Authors: Matthew Wilson*, Appalachian State University, Maggie M Sugg, Appalachian State University, Sandi J Lane, Appalachian State University
Topics: Hazards and Vulnerability, Hazards, Risks, and Disasters, Geographic Information Science and Systems
Keywords: Vulnerability, Validation, Hazards, Elderly
Session Type: Paper
Start / End Time: 9:55 AM / 11:35 AM
Room: Marshall South, Marriott, Mezzanine Level
Presentation File: No File Uploaded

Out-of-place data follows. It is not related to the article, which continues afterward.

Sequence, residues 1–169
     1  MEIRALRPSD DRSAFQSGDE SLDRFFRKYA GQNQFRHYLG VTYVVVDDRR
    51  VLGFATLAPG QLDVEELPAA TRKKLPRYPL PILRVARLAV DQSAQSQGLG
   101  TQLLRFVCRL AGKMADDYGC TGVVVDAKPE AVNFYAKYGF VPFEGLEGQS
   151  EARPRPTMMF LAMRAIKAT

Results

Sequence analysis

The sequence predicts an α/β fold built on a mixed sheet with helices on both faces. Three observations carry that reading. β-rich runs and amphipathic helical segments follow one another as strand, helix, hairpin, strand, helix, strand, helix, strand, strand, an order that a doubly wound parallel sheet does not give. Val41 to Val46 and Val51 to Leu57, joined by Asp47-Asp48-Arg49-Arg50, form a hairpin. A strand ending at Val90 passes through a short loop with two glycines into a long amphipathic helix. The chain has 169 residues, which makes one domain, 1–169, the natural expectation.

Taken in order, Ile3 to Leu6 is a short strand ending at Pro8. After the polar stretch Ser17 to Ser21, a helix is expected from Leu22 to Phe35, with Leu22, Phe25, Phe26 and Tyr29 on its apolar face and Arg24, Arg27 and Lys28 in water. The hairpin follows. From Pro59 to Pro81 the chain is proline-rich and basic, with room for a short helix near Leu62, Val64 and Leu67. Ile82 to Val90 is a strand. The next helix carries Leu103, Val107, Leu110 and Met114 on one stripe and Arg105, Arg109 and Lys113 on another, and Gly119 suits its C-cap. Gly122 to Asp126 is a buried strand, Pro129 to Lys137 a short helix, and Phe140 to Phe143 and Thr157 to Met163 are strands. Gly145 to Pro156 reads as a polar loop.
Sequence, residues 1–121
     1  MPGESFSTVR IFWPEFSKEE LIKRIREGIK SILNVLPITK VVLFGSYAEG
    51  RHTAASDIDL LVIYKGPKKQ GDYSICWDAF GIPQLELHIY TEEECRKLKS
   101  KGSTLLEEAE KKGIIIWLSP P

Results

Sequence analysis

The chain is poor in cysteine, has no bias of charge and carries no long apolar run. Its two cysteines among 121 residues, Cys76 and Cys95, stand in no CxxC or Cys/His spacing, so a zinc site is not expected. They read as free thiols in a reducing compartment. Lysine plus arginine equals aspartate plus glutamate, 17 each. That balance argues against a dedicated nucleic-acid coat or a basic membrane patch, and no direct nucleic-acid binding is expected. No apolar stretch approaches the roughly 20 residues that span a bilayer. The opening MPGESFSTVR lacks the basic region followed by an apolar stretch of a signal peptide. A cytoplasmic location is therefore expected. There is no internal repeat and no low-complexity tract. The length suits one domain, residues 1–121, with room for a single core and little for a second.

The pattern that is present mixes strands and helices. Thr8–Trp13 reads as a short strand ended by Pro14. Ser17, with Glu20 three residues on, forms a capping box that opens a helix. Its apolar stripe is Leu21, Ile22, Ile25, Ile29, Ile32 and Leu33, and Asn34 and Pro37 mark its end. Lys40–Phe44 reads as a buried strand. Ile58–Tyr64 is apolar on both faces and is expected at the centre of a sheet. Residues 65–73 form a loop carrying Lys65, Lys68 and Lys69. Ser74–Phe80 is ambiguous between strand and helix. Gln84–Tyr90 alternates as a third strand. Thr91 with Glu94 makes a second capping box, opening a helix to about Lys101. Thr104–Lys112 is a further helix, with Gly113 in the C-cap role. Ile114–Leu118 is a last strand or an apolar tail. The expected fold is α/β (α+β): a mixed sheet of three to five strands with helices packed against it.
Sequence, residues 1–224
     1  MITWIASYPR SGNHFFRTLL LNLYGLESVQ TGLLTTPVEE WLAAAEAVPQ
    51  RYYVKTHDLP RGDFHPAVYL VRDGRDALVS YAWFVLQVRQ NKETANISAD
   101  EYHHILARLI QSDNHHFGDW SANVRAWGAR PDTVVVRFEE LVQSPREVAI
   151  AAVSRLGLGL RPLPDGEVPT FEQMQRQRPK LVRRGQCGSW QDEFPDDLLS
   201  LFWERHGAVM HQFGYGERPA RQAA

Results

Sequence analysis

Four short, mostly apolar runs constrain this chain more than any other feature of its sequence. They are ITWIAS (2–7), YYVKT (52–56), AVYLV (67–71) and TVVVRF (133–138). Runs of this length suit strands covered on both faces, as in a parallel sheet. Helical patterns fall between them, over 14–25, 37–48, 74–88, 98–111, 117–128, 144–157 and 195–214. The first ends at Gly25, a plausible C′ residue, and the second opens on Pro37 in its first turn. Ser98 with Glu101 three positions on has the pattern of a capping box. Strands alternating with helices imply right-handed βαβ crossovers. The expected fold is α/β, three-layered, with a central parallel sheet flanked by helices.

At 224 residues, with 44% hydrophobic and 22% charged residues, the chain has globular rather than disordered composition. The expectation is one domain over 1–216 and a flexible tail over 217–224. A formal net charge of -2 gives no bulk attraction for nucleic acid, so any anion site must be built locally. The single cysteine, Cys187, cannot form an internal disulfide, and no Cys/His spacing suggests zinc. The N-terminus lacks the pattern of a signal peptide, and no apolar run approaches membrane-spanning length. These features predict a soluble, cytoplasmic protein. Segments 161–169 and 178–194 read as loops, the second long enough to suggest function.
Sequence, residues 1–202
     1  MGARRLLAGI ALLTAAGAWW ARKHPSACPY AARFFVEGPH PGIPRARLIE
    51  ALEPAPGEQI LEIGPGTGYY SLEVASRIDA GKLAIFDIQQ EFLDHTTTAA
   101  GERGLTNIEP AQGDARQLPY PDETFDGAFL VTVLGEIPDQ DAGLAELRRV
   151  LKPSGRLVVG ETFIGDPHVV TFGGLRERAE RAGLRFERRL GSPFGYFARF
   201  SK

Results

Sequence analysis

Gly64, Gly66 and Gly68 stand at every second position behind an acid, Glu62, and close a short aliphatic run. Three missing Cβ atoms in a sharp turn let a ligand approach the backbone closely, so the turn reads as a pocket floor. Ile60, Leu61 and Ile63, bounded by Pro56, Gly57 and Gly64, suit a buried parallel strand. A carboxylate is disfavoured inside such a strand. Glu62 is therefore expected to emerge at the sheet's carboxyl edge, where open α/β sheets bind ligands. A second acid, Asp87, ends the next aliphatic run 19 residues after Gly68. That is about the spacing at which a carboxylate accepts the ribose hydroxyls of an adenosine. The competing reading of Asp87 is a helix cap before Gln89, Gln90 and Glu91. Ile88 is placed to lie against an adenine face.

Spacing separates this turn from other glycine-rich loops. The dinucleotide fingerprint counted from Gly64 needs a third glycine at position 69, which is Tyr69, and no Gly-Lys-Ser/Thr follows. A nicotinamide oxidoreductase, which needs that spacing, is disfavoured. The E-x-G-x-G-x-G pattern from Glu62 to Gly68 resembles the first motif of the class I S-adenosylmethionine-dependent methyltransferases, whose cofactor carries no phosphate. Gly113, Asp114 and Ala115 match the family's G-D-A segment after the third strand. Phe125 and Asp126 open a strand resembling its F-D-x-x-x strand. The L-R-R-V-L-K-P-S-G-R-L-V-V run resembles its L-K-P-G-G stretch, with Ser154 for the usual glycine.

The increase in disaster frequency has prompted a shift in preparation strategies for emergency management personnel, especially in relationship to disproportionately impacted demographics. To address these new needs, an interdisciplinary approach is used to assess the vulnerability of nursing home facilities throughout the southeastern United States. Using an inductive-hierarchical index structure; underlying community characteristics, natural hazards frequency, and nursing facility demographics are combined to create the Multivariate Nursing Home Vulnerability Index (MNHVI). This index determines the relative vulnerability of nursing homes at both county and census tract levels. Before the index can be confidently implemented, the MNHVI must be internally and externally validated. To internally validate the multivariate index, both the brute force method and Monte Carlo simulations are used to create multiple unique versions of the MNHVI. Each iteration of the MNHVI considers alternative choices throughout the index construction process which allows for insight into sources of uncertainty and sensitivity within the model. To externally validate the MNHVI, a case-crossover study is used to compare age-adjusted death rates following specific hazard events to a baseline death rate with the fewest possible confounding variables. To properly conduct this analysis, a distributed lag non-linear model is used to examine the relative risk of death for older adults (aged 65+) and nursing home residents over time. The goal of this research is to determine where the MNHVI is identifying vulnerability most accurately to bolster confidence in emergency preparedness strategies and hazard mitigation for this disproportionately impacted demographic.